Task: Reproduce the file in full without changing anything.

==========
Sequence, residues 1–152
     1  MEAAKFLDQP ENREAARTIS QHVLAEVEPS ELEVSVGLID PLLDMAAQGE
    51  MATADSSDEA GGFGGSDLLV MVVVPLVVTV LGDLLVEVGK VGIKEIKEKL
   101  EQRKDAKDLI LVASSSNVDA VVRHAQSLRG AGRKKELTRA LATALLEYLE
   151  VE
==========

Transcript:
Sequence, residues 1–152
     1  MEAAKFLDQP ENREAARTIS QHVLAEVEPS ELEVSVGLID PLLDMAAQGE
    51  MATADSSDEA GGFGGSDLLV MVVVPLVVTV LGDLLVEVGK VGIKEIKEKL
   101  EQRKDAKDLI LVASSSNVDA VVRHAQSLRG AGRKKELTRA LATALLEYLE
   151  VE